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About TACOS server

What is the TACOS server?

TACOS server is an internet service for prediction of protein complex structure prediction using a hybrid of threading, ab initio and protein-protein docking . While most efforts in the field of protein complex structure prediction is concentrated on protein-protein docking, it suffers from a severely limited in scope since docking can only be performed when the unbound protein structures are known before hand.TACOS aims to bridge this gap by predicting protein complex structures from the primary amino acid sequence by the aided of identification of protein complex template structures.

How does TACOS identify the best templates?

When the users submit a protein complex sequence, the TACOS server attempts to identify a complex sequence from a protein complex structure library which is most homologous/ structually analogous to the submitted query sequence using the COTH and SPRING algorithms. COTH attempts to identify the best template using a profile-profile alignment based approach where the scoring function includes a number of predicted structural features to aid profile-profile alignment. The scoring functions include 1) Match between the sequence profiles of the query and the template 2) Match between the predicted secondary structure of the query and the native secondary structure of the template. 3) Match between the sequence profile of the query and a depth based structure profile of the templte. 3) Match between the predicted solvent accessibility of the query residues and the native solvent accessibility of the template residues. 4) Match between the predicted torsional angles (phi and psi angles) of the query residues and the native torsional angles of the templat e residues. 5)Match between the hydrophcity of the query and template residues 6) Match between the predicted interface residues of the query and the native interface residues of the template complex. In order to prevent cross-alignment of chains,i.e. both chains of one complex aligning to a single chain of the other complex we use a modified dynamic programing approach (See the COTH server for details) in order to prevent cross-alignment.

SPRING uses a different approach for identifying protein complex templates. Structural analogs of the individual constituents are identified by fold recognition programs suchas MUSTER or LOMETS. The monomeric templates are inputted into a pre-calculated lookup table to identify protein complexes in the PDB that share an orientation similiar to the query complex. The lookup table is generated from a non redundantet set of all pairwise oligimers from the PDB. SPRING selects and ranks complex analogs by a combination of monomer threading Z-scores, interface contact statistical potential, and the TM-align match between monomer-to-dimer templates.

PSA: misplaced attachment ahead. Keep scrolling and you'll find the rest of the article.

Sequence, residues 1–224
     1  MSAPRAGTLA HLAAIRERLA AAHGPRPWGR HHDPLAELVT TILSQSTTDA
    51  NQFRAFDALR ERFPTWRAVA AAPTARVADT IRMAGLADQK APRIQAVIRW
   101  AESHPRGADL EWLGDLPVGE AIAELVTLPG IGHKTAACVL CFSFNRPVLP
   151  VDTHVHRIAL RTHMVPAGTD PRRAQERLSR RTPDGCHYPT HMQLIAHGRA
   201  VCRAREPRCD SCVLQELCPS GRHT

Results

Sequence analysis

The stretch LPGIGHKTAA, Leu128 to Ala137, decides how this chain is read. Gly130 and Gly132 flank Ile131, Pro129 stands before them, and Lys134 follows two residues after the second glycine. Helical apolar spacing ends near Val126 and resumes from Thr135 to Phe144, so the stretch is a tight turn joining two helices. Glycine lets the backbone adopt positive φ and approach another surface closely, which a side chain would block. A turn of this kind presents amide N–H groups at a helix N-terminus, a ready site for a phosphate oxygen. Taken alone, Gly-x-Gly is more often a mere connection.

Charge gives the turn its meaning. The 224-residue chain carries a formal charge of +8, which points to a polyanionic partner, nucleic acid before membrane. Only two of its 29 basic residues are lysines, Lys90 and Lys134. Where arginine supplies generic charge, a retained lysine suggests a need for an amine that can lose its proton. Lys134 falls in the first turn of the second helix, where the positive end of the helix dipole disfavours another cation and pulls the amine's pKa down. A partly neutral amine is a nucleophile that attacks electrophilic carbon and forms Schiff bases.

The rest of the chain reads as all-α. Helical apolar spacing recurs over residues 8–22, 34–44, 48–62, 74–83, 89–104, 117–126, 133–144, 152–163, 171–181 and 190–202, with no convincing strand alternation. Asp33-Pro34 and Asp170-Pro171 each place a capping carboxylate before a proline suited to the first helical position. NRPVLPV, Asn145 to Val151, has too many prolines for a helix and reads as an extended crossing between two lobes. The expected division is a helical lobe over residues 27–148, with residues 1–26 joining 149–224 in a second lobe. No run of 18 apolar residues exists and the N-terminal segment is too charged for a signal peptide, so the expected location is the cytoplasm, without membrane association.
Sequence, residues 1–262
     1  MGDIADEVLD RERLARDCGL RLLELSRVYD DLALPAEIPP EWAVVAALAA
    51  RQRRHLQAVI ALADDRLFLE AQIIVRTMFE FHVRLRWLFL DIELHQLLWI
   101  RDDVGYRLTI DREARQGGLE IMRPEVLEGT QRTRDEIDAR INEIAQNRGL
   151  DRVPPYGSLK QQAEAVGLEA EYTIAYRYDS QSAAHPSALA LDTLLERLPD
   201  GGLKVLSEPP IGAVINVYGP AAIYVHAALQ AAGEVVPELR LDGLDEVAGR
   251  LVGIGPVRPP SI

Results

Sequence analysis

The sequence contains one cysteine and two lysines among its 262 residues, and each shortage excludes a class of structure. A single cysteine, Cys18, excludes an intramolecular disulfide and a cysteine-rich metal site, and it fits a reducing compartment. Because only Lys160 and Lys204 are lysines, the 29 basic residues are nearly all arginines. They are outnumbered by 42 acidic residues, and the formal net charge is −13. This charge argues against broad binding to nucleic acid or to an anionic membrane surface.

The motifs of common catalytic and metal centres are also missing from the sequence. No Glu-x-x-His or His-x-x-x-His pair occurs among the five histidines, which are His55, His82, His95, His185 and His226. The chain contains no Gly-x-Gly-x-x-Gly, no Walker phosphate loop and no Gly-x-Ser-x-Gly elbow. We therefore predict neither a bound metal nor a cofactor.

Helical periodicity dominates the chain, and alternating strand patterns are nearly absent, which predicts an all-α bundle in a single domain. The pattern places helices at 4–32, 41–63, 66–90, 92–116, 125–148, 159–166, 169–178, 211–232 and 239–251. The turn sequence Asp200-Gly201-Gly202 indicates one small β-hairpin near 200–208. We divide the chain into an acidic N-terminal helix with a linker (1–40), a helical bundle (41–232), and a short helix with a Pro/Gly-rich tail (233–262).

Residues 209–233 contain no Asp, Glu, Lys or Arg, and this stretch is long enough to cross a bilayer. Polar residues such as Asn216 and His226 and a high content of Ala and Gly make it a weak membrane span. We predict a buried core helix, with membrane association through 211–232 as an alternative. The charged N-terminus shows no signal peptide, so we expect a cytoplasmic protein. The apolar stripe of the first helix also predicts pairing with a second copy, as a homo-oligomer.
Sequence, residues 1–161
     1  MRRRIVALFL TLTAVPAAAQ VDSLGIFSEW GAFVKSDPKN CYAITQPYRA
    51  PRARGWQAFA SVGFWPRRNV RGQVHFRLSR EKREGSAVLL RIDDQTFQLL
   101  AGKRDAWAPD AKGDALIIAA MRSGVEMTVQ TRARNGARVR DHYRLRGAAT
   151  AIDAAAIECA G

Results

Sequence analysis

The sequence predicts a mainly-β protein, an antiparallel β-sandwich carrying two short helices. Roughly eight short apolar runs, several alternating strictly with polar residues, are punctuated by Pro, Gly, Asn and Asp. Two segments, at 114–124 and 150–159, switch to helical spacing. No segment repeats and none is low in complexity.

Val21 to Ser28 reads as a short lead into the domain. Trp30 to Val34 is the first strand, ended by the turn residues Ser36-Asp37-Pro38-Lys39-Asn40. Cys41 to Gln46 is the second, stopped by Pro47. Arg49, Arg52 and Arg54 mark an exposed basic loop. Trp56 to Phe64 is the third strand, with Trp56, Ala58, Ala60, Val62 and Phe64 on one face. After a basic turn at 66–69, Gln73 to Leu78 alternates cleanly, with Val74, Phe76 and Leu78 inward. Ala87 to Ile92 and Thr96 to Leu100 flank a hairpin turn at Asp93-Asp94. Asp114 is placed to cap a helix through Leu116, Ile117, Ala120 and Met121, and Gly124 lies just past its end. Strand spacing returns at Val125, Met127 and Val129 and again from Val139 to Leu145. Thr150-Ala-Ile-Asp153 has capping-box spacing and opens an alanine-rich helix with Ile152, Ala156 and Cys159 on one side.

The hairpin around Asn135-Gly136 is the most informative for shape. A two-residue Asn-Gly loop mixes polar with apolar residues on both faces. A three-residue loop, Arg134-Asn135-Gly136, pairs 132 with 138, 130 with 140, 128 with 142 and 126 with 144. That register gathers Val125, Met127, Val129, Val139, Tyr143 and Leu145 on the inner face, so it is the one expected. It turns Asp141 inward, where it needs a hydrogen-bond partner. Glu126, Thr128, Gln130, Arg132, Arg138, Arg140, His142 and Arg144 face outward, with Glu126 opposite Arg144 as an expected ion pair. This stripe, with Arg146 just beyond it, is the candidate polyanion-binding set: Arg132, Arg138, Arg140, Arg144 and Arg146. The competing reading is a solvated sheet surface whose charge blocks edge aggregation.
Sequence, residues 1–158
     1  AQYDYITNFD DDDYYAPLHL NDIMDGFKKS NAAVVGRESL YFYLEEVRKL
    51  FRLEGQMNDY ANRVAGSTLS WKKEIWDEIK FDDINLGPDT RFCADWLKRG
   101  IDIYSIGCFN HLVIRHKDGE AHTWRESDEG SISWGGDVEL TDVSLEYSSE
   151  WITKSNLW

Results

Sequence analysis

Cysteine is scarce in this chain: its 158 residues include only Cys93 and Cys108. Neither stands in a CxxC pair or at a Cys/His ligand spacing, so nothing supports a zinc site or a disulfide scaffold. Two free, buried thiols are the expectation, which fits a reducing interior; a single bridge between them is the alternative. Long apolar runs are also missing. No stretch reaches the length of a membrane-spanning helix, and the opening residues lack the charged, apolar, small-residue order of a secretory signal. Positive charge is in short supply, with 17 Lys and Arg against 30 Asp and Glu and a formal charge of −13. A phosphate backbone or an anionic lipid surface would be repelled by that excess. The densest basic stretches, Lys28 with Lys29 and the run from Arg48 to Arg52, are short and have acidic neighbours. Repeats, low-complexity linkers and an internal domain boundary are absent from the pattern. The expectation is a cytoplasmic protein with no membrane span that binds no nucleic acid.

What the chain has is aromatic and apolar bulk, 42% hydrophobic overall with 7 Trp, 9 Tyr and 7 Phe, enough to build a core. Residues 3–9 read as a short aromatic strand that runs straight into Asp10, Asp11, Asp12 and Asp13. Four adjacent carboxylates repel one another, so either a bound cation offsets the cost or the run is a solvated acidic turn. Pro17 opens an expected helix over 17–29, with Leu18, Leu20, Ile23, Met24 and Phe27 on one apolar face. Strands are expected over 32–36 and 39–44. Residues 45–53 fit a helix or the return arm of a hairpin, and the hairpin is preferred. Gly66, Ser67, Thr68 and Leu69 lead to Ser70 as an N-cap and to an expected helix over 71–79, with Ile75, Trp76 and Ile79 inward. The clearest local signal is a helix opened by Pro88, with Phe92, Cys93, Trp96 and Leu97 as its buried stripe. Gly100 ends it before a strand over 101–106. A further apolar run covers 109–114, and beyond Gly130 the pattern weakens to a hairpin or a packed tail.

The protein complex structure library is however largely incomplete. To remedy this problem, the TACOS server simultaneously runs the LOMETS single chain threading for both the chains of the query complex. Since LOMETS is run on the much larger protein tertiary structure library the templates identified by LOMETS for the individual chains are of better quality than that identified by TACOS threading only. Following the generation of the LOMETS individual chain templates, therefore the TACOS server superimposes the LOMETS templates onto the corresponding chain of the multimeric template framework. This ensures a much improved quality of the individual chains while maintaining the orientation information identified by multimeric threading.

How does TACOS use the templates to generate full-length structures?

Once the templates have been identified, they are broken into fragments and placed on the CAS on-off lattice. The templates unaligned regions are then first build using a C-alpha random walk to generate initial full length structures. These full length dimers are then mapped onto an artificial monomer by using a completely flexible pseudobond to connect the C-terminal of the first chain with the N-terminal of the second chain. A figure showing an example of the lattice-based respresenation of the dimers is shown in Figure 1. The structures are then rigorously sampled using a number of intra-chain bond rebuilding and rigid body moves as well as a large inter-chain move for sampling the orientational space betweent the interacting protein subunits. To guide the sampling, a new force-field was designed comprising of knowledge-based energy terms derived from the protein complex structure library and template-based distance and contact restraints.

Figure 1. Lattice-based course-grained representation of dimers on the CAS lattice.

The decoys generated by the sampling scheme are then clustered by SPICKER and the cluster centroid of the largest clusters are identified. These cluster centers are then refined to remove clashes, generate full-atomic structures and to optimize the hydrogen-bonding network by FG-MD. These full-atmomic refined results are finally returned as the final models. For the complete flowchart of the TACOS algorithm please refer to Figure 2.

Figure 2. Flow chart of the TACOS algorithm and TACOS online-server.

How to cite TACOS

You are requested to cite following articles when you use the TACOS server:

Contact information

The TACOS server is in active development with the goal to provide the reliable protein complex structure predictions. Please help us achieve the goal by sending your questions, feedback, and comments to: yangzhanglab@umich.edu.


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